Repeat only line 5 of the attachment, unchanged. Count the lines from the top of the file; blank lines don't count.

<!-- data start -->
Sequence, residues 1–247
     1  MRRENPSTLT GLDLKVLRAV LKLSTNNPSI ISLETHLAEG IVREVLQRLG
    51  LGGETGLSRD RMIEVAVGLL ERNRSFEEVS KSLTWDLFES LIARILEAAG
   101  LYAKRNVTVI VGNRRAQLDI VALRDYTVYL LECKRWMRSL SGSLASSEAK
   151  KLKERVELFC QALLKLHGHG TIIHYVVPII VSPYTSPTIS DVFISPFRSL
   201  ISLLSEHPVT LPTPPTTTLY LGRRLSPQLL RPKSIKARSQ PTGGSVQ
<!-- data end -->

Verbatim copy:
   151  KLKERVELFC QALLKLHGHG TIIHYVVPII VSPYTSPTIS DVFISPFRSL